We don’t want to pretend to be the experts on taproom profitability, especially during a strange time like this. We’ve been seeing a lot of breweries partnering with delivery services to boost take-away sales, and offering specials for customers who come in and grab beer. Really we’ve just been trying to do our part to keep buying as much beer as possible and get as many seamers into the wild as we can.

Canning your beer is really simple, we have videos on our website to show you how to do it: My best advice is to CO2 purge, bottom fill, cap on foam, and don’t do any ‘extra credit;’ each operation only needs to be run once. We use a beer gun, which is super helpful.

I think that it’s important to point out that we’re here to help. We know that to-go sales are imperative right now, and we’ve heard from our customers that our seamers are helping them pull through. Let us know what you need and we will try our best to make that happen for you.”

2019 Beer Sales

After combing through several annual sales reports, 2019 overall beer production in the USA remained fairly flat, while craft beer sales continued its modest growth according to a report put out by the IRI (Information Resources Incorporated) market research team. According to the IWSR (International Wine and Spirits Record) research group, when digging into the various segments, craft beer saw an estimated 4.1% increase. Macro beer sales on the other hand saw a 3.6% decline. The flavored malt beverages category, which includes hard seltzers, grew by roughly 43% in 2019. Non-alcoholic and very low alcohol beers grew by an estimated 6.6%. Ciders saw a slight decline, down 3.8% in 2019.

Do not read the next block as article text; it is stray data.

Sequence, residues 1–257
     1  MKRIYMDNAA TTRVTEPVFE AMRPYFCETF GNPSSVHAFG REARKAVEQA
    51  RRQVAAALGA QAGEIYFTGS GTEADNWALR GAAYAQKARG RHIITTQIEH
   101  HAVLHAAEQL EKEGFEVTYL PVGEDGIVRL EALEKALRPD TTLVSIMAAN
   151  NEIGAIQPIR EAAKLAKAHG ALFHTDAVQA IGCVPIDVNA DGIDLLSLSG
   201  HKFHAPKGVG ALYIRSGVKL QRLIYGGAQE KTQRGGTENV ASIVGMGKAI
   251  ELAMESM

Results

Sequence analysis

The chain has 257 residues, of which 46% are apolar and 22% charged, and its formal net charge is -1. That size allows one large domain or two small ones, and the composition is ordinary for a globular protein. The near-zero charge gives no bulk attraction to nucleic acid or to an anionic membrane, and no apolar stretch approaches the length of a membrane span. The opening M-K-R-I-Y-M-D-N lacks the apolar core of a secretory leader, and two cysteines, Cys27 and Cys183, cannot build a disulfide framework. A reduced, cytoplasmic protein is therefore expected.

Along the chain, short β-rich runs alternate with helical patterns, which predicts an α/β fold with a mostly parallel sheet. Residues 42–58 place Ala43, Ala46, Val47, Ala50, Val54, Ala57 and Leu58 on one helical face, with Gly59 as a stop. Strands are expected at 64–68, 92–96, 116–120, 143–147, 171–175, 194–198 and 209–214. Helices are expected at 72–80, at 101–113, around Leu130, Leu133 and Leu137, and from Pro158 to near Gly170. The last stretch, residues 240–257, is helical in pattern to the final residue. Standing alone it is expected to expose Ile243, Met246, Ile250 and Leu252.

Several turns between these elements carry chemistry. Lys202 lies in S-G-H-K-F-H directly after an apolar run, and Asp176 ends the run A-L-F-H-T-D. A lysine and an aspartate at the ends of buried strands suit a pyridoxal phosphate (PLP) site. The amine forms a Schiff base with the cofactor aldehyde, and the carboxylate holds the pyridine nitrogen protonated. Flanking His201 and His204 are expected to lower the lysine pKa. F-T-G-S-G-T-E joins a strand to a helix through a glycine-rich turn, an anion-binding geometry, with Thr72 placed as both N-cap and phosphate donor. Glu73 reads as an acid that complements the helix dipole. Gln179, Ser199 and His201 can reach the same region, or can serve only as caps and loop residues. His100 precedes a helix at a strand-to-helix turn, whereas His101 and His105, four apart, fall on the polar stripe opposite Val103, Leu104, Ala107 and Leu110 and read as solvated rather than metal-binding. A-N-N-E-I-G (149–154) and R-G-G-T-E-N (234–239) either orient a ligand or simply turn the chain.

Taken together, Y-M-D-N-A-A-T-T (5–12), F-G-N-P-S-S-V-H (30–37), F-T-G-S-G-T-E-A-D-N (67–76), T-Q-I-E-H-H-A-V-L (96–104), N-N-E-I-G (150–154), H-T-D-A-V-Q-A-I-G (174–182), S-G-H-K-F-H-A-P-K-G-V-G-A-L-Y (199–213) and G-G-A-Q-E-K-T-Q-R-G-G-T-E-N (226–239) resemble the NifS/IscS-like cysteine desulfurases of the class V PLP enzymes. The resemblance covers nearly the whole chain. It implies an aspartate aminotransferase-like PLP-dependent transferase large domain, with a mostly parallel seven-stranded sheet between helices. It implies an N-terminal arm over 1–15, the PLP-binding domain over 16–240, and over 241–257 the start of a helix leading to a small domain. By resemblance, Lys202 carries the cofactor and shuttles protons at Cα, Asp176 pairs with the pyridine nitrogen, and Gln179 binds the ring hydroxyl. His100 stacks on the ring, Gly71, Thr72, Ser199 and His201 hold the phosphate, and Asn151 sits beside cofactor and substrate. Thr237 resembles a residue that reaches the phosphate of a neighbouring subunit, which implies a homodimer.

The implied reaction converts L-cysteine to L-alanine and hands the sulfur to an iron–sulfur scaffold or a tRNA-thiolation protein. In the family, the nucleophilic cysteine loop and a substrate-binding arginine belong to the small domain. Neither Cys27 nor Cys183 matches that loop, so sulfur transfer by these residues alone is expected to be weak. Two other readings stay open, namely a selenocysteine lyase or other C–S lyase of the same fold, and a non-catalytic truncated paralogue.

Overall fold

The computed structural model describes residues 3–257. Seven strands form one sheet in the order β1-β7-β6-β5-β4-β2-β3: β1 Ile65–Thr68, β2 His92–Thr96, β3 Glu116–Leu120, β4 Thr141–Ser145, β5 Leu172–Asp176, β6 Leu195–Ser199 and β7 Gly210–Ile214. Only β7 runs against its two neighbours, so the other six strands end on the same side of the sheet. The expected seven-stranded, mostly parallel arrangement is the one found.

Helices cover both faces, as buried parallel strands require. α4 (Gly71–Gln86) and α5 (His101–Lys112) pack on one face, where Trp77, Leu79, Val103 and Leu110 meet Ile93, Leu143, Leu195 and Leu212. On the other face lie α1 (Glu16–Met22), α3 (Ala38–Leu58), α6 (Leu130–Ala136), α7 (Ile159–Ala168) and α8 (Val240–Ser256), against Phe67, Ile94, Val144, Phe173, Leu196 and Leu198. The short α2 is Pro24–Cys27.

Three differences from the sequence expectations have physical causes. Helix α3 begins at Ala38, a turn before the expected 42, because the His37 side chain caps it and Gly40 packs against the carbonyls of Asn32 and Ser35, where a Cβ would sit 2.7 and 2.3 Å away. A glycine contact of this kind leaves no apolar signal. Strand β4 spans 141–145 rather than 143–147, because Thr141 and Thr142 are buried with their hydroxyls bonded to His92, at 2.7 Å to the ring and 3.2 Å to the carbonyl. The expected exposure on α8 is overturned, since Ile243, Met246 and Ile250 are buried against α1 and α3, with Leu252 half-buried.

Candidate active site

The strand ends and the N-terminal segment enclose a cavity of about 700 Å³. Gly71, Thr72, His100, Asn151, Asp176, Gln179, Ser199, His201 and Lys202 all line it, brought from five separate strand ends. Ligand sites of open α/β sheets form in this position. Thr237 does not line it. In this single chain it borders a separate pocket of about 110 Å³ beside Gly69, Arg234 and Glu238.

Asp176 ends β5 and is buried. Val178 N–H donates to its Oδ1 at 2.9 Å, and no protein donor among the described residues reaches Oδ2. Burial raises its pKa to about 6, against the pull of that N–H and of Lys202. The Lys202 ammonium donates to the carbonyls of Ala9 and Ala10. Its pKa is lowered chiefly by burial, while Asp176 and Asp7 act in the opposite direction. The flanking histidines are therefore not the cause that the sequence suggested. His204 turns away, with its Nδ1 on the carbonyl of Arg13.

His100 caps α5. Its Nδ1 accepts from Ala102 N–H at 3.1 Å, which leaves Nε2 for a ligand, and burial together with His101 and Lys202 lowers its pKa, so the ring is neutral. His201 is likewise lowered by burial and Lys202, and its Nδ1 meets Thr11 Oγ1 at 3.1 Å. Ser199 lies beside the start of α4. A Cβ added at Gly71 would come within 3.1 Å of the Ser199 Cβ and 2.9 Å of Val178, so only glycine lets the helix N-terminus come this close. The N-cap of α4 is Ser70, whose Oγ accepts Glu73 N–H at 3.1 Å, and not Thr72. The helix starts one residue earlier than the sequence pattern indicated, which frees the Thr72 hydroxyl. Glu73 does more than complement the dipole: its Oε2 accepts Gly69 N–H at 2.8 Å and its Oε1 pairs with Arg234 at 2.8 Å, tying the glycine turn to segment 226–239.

In other news from, overall canned beer sales continue to make gains over bottles and draft in both off-premise (stores) and on-premise (at breweries and taproom) sales of beer. According to their report, cans gained 2 percentage points in off-premise sales, to 64% of sales, and 6 percentage points of on-premise sales, up to 42% in 2019. According to the Brewer’s Association (BA), in the craft beer segment bottles now account for 53% of overall sales while cans account for the other 47%. The BA’s economist Bart Watson expects craft can sales to exceed bottle sales for the first time ever in 2020.